by Will Brantley
Harvest statistics and expert advice reveal the best spots in the country for Canadas, light geese, whitefronts and brant
Dwight, Illinois, a tiny town 80 miles southwest of Chicago, should be an easy six-hour drive from Dawson Springs, Kentucky. But after five hours on the road, my friend Matt Seymore and I still have 200 miles to go. Just 50 miles into Illinois we saw the first snowflakes. Now, there’s nearly a foot of snow on the ground.
Abandoned cars dot the ditches and shoulders. I keep the four-wheel drive on and the speed slow. For miles, we see no one else on the road, so stopping in the middle of the interstate to break chunks of ice from our windshield wipers isn’t a problem. Still, we push northward.
Thousands of Canada geese are stacked up on Braidwood Lake near Dwight, and over the next three days, we plan to hunt them with longtime friend Richie McKnight. At 5:30 the next morning, only a couple of hours after checking in to our motel, we layer on heavy clothes and step into the parking lot to shake hands with McKnight, who is a champion goose caller and a guide for North Fork Outfitters (270-797-8641). I can see McKnight’s eyes, but not much else, as he’s covered by layers of warm clothes. “Put your helmets on, boys,” he says. Steam erupts from under his neck warmer. “There’s gonna be geese falling this morning.”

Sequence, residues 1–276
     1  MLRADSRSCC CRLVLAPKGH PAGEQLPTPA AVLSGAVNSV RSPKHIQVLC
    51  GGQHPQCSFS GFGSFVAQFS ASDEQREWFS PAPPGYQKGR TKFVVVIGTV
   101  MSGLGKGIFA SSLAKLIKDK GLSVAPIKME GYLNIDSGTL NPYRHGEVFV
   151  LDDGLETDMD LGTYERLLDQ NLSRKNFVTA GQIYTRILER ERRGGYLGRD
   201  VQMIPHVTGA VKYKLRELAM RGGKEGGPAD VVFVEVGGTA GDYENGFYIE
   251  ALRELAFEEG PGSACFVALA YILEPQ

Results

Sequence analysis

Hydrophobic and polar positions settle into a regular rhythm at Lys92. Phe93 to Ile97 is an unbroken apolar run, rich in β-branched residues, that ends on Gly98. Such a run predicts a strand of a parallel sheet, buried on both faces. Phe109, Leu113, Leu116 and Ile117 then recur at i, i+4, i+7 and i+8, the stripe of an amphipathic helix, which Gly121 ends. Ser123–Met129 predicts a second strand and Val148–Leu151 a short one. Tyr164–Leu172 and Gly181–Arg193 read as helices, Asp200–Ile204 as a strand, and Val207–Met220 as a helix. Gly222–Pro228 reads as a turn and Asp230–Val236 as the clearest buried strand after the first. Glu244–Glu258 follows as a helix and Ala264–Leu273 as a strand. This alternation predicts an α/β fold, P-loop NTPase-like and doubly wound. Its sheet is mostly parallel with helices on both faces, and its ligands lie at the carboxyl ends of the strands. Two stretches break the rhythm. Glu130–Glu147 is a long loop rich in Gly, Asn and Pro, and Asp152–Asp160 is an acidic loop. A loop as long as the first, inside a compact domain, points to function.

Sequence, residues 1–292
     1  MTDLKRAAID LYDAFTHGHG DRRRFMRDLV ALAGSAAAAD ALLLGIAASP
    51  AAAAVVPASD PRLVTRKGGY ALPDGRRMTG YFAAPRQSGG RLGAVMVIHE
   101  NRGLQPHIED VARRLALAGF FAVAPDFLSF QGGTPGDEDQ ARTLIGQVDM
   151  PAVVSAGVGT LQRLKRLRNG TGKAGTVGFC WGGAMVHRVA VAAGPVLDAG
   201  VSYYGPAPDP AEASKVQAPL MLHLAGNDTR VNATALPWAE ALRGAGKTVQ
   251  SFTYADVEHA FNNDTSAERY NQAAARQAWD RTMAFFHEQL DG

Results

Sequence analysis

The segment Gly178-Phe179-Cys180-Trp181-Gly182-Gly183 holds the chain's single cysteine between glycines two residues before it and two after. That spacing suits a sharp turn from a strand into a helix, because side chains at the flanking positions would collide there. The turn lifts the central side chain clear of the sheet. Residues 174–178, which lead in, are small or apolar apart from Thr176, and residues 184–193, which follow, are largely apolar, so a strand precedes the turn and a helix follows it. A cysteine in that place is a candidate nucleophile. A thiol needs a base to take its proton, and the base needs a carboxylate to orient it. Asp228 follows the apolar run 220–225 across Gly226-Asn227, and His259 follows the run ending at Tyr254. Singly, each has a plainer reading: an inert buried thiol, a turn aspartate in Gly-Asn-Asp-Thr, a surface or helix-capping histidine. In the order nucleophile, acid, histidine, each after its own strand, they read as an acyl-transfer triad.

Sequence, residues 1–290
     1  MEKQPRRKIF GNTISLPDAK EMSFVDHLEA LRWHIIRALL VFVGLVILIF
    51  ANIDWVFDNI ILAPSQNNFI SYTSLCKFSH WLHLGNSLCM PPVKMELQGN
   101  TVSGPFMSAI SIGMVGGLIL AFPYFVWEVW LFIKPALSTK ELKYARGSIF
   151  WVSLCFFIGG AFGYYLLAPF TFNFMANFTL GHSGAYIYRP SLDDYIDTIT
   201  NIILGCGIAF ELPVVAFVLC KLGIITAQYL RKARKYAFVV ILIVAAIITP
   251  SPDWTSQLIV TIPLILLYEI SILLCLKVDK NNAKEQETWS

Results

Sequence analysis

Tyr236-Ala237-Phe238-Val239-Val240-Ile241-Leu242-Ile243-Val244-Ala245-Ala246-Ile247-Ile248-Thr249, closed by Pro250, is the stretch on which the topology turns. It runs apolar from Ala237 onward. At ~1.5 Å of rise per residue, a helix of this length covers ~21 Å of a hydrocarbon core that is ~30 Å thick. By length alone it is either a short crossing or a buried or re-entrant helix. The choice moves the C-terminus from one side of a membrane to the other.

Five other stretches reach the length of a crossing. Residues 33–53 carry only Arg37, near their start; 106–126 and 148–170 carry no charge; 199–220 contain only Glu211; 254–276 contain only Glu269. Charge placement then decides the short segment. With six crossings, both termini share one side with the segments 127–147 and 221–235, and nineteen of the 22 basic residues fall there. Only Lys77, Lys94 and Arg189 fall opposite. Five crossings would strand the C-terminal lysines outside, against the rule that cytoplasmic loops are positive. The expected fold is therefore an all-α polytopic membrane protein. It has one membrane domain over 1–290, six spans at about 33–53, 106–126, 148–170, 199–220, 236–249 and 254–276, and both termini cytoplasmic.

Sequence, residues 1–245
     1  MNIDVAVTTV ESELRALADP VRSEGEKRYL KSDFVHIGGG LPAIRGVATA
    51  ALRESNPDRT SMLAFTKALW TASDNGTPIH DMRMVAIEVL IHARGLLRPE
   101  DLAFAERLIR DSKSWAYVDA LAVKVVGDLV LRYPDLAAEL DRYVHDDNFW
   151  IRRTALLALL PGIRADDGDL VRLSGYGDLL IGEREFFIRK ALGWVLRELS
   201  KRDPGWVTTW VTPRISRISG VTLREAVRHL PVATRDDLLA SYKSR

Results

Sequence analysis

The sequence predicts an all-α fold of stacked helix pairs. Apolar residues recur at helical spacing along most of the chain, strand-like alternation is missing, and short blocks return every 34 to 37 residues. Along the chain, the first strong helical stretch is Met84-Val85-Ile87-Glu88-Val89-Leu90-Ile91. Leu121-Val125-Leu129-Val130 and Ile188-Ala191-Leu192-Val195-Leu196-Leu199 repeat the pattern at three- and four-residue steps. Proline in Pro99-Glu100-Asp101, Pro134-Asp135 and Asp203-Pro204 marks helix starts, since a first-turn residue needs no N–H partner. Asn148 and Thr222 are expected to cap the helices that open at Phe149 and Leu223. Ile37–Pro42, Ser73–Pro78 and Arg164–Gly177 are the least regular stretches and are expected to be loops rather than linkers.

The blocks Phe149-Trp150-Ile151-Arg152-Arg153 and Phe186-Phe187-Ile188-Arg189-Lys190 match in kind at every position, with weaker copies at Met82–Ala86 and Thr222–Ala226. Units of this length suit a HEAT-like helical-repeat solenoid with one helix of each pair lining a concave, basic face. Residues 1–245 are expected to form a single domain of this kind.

The birds are reluctant to fly in the cold at first, so we wait. A couple of hours into the morning, we hear a honk behind the blind. A small flock approaches, half-gliding, just over the treetops behind us. Most of them begin a nervous circle, but a single takes particular interest in our calling and flagging. The goose wastes no time setting its wings on a slow drift to my end of the blind. “Shoot him, Brantley,” McKnight whispers from behind his call. I ease the Browning to my shoulder and fold the big bird into the snow at about 15 yards.
A hundred or more geese are now pouring over the tree line, and McKnight is pleading to them. Many are circling our spread, some of them whiffling down, and soon a dozen are backpedaling over the decoys. I fire another two shots to bring down my second bird and then trade my shotgun for a camera the rest of the morning.
Everyone else follows suit, taking turns shooting. The scenario plays itself out with near monotony over the next three days; the hunting is so good it seems almost surreal. “I’ve hunted every province in Canada,” McKnight says. “And I’ve never seen it any better than northern Illinois can be.”
Indeed, this is one of the best goose hunting spots in the country. But waterfowlers can find action like this—whether for Canadas, specklebellies, snow geese, or brant—in every flyway. Based on harvest data collected each year by the U.S. Fish and Wildlife Service, we’ve compiled a list of some of the best goose hunting destinations in the United States.
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